Writing Journal: What If I Never Have a Project Published?

I was thinking last week about one of many projects I’m working on. There have been several times that I go back over something I’ve written and love the “sound” of my writing voice. But then the wheels get to turning and I wonder if anyone else loves my writing voice.

Let’s be honest, I don’t get much traction on either of these blogs, and sometimes I wonder why I keep doing it. But the answer is simple—I do it because I like it. I like putting certain thoughts out into the universe and having something to physically look at to see how my ideas and opinions have changed (or not) over time.

Also, if even one person reads something on one of my blogs and feels a little less alone out there, then that’s enough for me to keep going a bit longer.

But I’m not really talking about my blogs here. I’m talking about this tiny book of essays I’ve got waiting for someone to read it, and this little book of short stories I’m working on, and whatever future novel I decide to dig my heels into writing. What if none of those get published? What if no one wants to read them?

There’s something to be said about self-publishing. I mean, if you want your work out there at any cost it is a viable option. But isn’t the dream to have some big publishing house think you’re awesome and want to pay you for your work and promote it?

That’s my dream. One of many, at any rate.

But what if it doesn’t happen? Am I content with self-publishing? I mean, sure, if my work gets enough attention it could be picked up by a publisher later, but we’re talking about never here. We’re talking about self-publishing and selling 50 books to my parents, a couple family members, a friend or two, and some of my mom’s work friends who would buy a copy just because they love my mother.

What happens then? Do I stop writing? Do I bring myself right back to this empty little blog corner? Do I write something else and try to make it better? What if I can’t write any better?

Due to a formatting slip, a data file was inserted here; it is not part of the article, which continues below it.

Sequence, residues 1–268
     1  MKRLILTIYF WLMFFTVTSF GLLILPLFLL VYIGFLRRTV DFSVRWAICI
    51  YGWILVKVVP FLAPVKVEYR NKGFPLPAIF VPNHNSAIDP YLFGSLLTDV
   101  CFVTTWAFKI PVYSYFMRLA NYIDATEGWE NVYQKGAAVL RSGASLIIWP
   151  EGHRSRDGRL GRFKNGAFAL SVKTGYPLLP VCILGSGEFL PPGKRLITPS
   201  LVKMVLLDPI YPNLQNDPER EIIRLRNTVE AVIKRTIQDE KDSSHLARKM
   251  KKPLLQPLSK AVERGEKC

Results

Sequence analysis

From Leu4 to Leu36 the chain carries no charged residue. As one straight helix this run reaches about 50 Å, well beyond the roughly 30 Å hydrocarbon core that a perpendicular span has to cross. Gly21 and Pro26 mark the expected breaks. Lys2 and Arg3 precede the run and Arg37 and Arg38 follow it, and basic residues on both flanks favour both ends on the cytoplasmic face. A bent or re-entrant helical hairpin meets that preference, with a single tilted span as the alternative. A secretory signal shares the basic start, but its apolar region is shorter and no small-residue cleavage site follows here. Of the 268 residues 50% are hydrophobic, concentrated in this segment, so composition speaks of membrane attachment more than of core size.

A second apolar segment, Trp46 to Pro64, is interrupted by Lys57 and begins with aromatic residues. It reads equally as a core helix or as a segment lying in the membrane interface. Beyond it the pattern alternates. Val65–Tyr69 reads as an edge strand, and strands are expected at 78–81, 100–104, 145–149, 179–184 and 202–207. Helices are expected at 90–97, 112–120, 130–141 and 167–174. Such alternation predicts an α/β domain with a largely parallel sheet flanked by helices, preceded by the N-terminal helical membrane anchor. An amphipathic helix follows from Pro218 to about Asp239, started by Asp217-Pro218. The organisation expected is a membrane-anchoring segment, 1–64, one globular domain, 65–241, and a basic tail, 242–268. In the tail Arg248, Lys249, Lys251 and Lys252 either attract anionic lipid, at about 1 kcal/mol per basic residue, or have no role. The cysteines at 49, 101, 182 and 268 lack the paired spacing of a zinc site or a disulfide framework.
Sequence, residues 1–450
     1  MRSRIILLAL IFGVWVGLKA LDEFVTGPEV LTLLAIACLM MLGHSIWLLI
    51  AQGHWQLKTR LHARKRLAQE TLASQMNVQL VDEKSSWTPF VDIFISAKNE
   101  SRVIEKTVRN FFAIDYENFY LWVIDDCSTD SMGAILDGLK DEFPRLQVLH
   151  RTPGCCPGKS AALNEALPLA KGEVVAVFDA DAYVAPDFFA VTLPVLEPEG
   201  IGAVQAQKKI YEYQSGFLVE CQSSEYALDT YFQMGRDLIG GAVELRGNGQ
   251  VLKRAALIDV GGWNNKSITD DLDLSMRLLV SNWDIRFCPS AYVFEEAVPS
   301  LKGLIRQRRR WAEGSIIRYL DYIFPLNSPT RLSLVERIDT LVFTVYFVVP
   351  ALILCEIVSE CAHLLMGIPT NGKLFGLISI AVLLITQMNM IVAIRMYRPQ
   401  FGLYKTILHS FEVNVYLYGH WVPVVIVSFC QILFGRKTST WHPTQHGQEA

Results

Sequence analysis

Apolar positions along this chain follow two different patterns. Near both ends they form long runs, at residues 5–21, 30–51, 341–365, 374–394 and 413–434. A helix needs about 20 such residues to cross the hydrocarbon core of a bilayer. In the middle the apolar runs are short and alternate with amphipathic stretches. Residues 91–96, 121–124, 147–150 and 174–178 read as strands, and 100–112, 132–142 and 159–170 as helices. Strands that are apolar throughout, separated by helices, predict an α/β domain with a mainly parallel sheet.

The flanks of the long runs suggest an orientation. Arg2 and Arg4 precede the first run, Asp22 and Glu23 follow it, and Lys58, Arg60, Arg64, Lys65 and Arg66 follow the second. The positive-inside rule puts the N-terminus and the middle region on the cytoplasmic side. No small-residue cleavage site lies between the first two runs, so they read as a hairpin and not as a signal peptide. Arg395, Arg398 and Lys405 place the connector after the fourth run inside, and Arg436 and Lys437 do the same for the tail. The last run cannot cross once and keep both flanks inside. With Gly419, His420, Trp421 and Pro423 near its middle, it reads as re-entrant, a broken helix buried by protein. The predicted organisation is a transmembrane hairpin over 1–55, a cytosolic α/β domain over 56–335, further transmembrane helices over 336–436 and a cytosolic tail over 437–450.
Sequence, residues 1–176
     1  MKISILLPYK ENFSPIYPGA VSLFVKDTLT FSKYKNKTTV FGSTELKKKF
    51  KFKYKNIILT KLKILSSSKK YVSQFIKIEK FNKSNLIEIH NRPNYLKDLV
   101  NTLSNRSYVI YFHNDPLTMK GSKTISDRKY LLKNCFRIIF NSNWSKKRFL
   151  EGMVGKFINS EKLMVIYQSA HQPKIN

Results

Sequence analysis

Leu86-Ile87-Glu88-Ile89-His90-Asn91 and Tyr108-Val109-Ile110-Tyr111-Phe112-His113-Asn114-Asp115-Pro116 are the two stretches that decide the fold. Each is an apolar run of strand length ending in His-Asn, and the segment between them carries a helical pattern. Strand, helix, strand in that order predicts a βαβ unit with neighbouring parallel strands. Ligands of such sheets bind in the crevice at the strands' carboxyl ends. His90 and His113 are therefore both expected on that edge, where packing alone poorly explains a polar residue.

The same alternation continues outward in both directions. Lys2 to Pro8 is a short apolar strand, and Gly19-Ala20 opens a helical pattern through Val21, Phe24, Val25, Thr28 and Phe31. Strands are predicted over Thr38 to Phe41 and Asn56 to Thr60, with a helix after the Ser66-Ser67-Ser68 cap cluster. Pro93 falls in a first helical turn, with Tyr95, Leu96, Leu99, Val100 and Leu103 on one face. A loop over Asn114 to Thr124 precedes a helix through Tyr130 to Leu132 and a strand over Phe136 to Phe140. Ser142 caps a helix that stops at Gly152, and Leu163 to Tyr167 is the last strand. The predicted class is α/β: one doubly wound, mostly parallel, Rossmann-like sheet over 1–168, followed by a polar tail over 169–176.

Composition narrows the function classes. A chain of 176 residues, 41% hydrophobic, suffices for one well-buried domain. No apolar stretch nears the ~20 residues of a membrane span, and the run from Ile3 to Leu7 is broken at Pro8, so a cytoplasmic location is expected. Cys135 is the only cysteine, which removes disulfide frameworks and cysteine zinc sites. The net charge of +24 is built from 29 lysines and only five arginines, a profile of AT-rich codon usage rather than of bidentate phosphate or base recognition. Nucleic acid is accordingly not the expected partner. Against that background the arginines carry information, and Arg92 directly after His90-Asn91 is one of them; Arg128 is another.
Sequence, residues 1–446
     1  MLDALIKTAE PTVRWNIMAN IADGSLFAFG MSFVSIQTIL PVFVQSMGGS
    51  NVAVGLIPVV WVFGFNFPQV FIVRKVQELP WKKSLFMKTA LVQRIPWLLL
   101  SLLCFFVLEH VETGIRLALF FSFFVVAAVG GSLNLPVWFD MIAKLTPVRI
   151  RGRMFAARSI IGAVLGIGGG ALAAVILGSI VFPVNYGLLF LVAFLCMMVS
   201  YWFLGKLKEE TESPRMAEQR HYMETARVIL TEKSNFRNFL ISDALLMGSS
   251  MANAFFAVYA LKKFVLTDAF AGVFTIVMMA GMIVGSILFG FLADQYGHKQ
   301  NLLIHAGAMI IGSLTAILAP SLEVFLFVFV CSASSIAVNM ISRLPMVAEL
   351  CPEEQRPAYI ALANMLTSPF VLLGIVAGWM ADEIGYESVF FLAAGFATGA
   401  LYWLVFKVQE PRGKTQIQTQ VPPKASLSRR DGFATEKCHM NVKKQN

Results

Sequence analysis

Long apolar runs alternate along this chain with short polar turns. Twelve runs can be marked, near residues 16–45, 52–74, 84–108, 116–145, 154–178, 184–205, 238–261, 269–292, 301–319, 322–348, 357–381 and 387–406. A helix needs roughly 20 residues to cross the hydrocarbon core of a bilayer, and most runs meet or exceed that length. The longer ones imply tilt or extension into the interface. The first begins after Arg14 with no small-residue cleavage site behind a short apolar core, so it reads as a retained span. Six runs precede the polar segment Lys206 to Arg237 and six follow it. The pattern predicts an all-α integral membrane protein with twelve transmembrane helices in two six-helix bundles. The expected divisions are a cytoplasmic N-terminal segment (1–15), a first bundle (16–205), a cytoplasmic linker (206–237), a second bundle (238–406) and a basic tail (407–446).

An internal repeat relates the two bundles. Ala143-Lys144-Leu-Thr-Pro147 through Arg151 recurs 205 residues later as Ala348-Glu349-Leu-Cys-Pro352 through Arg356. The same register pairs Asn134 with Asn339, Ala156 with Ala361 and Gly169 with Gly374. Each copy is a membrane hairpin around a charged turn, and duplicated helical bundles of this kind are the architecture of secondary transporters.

I know it sounds like I’m being self-deprecating, but I’m really just wondering what my capacity for failure and resilience is.

I know I ask more questions than I give answers, but that’s what life is. Some questions can only be answered through experience.

Happy writing!


Writing Journal: Revealing Too Much

I was reading through some of my essays last week and I had to pause and ask myself if I was saying too much. The essays are based on the way I remember certain events in my life, and some of them deal greatly with other members of my family.

One essay in particular deals with my feelings about being “gifted” a sweatsuit one Christmas when my other cousins got pretty dresses. I touch on how that affected me in general, but also how it made me think of the aunt who gave that gift (still using gift lightly here). Reading over it, I thought of what my aunt or my mom would think about that particular piece, and if it would cause any sort of tension.

See, I have a habit of seriously considering other people’s feelings, sometimes at the expense of my own desires. It goes against the live your truth narrative, but it’s one of my spectacular personality traits (read that sarcastically). So what do I do? And is there really such a thing as revealing too much when the story is about me and how I experience the world?

I guess the first thing to note is that just because I wrote it doesn’t mean someone is going to publish it. But what if I decide to self-publish? Should I allow the individuals who have leading roles in particular essays to read them before I finalize the work? Do I have a responsibility to consider the feelings of others when discussing my personal experiences just because they were involved?

I’m tossing these questions “out there” in hopes that I’ll get the answers I need—be it from you, God, the Universe, or my internal narrator.

What do you think is too much when it comes to writing stories that involve people in your personal life? How do you handle the complexity of it all?

Let me know.

Happy writing!